THE BLOG
07/29/2016 10:07 am ET Updated Dec 06, 2017

ADVICE 36: Which Will You Regret More?

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Photo Credit: Brent Stoller

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(Questions have been modified for space and clarity.)

I've been with my partner for a year. He has a daughter from a previous relationship, and recently, he relocated to be closer to her. His new place is about 40 miles from me. He's with his daughter three nights a week, plus Sundays. He tells me he still wants to be with me, but he doesn't think our relationship can work unless I move closer to where he's now living. What should I do?
--Teen67; North Wales

Considering I grew up and now live in a spread-out city, I'm probably not as sympathetic as I should be when it comes to the inconveniences of driving. I don't know how easy it is to get around North Wales, but 40 miles seems manageable. It's not next door, and lord knows it's not optimal, but is it enough to bring down a relationship?

As I see it, there are three options to consider:

You could bear the travel burden. Your boyfriend has taken on new responsibilities, and while it sounds as if he still wants you in his life, he's now slid you over to priority 1B. His daughter is his primary focus, and it's unclear if he can give her the attention she needs if he's shuttling back and forth between the two of you.

Sidestep that stumbling block by always traveling to him. That way, his time with both of you won't ever be compromised. This could be a good starting proposition, as well, a trial run, as it would provide a preview of what it'd be like living in this new area under these new circumstances.

You could strike a balance. Who wants to be in a one-sided relationship? Why should you have to do all the traveling? Though it might work in the short term, how sustainable is it over the long haul?

Your boyfriend has compromised with his ex -- he gets his daughter on certain days, she gets her on the others -- so why can't he do the same with you?

He doesn't have full-time custody, so half of his week is free, meaning he can meet you halfway, literally and figuratively. Set up a rotation schedule -- on these days you go to him and vice versa. If he's going to be with you, he's still got to make you a priority. You can't be the only one holding the relationship together.

You could move. I don't know if that's possible, and I don't know how much that would disrupt your life. But it'd be an undeniable demonstration of your devotion to your boyfriend.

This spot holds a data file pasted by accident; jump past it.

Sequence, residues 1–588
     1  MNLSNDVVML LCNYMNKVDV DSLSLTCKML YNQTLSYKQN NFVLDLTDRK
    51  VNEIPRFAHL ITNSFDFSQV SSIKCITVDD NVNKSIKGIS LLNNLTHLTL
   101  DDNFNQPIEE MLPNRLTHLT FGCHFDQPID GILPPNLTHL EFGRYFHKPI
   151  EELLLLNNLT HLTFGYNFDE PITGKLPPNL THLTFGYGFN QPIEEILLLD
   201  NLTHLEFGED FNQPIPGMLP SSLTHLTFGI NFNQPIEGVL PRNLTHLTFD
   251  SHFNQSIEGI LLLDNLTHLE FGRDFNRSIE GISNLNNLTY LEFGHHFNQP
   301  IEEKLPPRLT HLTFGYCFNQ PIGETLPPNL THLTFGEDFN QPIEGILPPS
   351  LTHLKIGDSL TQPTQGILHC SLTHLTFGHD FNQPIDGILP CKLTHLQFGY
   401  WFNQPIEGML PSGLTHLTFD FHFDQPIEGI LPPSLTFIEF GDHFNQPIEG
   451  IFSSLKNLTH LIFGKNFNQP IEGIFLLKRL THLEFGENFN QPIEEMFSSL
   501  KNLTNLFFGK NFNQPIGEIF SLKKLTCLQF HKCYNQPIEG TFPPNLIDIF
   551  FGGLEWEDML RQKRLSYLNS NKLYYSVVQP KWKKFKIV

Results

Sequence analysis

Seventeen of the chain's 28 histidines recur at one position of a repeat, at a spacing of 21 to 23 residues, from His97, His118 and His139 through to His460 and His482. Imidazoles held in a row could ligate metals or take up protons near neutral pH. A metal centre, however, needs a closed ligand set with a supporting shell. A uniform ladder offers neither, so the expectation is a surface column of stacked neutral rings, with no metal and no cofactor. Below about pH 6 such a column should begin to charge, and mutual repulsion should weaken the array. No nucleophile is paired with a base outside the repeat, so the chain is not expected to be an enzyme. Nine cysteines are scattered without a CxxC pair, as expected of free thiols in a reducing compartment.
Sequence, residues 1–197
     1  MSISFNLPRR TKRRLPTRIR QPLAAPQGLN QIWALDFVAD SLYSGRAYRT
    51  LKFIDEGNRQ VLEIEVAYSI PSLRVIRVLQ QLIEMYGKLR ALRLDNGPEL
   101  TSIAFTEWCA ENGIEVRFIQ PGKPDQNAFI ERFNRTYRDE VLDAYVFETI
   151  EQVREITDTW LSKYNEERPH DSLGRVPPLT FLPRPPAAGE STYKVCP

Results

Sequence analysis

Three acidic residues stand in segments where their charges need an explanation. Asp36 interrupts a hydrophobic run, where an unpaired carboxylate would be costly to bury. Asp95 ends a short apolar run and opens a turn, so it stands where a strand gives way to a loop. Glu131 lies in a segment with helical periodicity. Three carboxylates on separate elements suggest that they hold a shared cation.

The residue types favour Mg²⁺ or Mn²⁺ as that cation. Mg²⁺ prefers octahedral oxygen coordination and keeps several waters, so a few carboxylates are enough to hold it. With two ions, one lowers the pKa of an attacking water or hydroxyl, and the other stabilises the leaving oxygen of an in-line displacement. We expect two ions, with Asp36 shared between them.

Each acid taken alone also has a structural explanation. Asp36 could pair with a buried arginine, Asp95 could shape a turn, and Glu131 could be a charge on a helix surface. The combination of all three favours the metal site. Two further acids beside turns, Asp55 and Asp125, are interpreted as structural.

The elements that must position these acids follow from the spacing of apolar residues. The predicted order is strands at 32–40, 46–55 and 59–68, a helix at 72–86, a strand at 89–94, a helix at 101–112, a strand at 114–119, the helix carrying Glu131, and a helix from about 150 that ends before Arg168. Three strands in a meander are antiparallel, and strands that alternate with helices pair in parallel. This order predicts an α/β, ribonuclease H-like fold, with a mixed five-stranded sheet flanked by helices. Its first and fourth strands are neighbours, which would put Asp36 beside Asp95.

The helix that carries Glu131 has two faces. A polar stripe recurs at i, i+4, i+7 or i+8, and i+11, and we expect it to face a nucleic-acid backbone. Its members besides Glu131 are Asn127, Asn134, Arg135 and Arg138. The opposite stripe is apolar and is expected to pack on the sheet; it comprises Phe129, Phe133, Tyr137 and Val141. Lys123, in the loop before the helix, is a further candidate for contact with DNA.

Of course, all of these options are dependent upon how much you want to remain in this relationship. Is this what you want for your future? Is this something worth sacrificing and fighting for? Is it worth the risk?

These are the questions at the core of your conundrum, and are the same ones I asked myself a few years ago while sorting out an either/or dilemma of my own. I've written about it extensively (here and here, for instance), so I won't bore everyone with the same details and jokes. But here's the gist of it:

In spring 2013, I was contemplating quitting my job to caddie at Bandon Dunes Golf Resort in Oregon. It was something I'd dreamt about doing for years, but this was as far into the process as I'd made it. I'd actually gone out to the resort, met with my potential supervisors and secured a place to live. All that was left was to actually do it.

It felt like an impossible decision to make. On one hand, I had a comfortable life with a lot to lose, including a steady paycheck and a beautiful girlfriend. On the other, I had my dream and the temptation of the unknown.

Teetering atop my tipping point, I was looking for an "Aha!" moment, an epiphany that would illuminate my path toward destiny. Instead, I got something better.

As magical as it would've been to hear some song or have some dream that made it all click, my inspiration came in the form of a question -- a question I was asked that not only gave me my "Aha!" moment for this decision, but also will help create more of those moments in the future:

Which will you regret more -- doing it, or not doing it?

Asking yourself this cuts through the fears and pros and cons and all that other stuff that clogs the decision-making process. It gets you out of your head and into your heart, revealing what you truly want. And once you know that, the details sort themselves out.

For me, when it came to Bandon, the answer was clear. But when it comes to your relationship, Teen67, how will you answer?

Which would you regret more -- breaking up, or doing what it takes to stay together?

COMING WEDNESDAY: How to be a Supportive Friend

Need more ADVICE? Check out the most recent installments:

ADVICE 35: Family Boundaries

ADVICE 34: Should I Forgive My Cheating Boyfriend?

ADVICE 33: My Boyfriend Went Insane

ADVICE 32: Summer Lovin'(?)

ADVICE 31: My Aunt is Going to Ruin my Wedding

ADVICE 30: The Debate Over Premarital Sex

To send in a question, please complete this short Google form. All submissions are anonymous, even to the author.